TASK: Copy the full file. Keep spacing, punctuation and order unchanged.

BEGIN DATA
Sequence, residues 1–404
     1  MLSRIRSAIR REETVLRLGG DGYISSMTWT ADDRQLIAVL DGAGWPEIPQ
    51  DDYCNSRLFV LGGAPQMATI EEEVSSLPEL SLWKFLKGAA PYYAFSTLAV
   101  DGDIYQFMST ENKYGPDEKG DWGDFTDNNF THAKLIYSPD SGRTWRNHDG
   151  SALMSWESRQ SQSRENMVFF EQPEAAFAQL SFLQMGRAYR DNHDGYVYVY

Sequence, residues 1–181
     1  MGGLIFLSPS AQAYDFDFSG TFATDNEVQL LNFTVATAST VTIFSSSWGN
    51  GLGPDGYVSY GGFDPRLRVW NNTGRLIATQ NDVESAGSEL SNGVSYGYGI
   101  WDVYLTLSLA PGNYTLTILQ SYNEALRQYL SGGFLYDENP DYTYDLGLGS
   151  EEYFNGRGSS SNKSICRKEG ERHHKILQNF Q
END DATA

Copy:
Sequence, residues 1–404
     1  MLSRIRSAIR REETVLRLGG DGYISSMTWT ADDRQLIAVL DGAGWPEIPQ
    51  DDYCNSRLFV LGGAPQMATI EEEVSSLPEL SLWKFLKGAA PYYAFSTLAV
   101  DGDIYQFMST ENKYGPDEKG DWGDFTDNNF THAKLIYSPD SGRTWRNHDG
   151  SALMSWESRQ SQSRENMVFF EQPEAAFAQL SFLQMGRAYR DNHDGYVYVY

Sequence, residues 1–181
     1  MGGLIFLSPS AQAYDFDFSG TFATDNEVQL LNFTVATAST VTIFSSSWGN
    51  GLGPDGYVSY GGFDPRLRVW NNTGRLIATQ NDVESAGSEL SNGVSYGYGI
   101  WDVYLTLSLA PGNYTLTILQ SYNEALRQYL SGGFLYDENP DYTYDLGLGS
   151  EEYFNGRGSS SNKSICRKEG ERHHKILQNF Q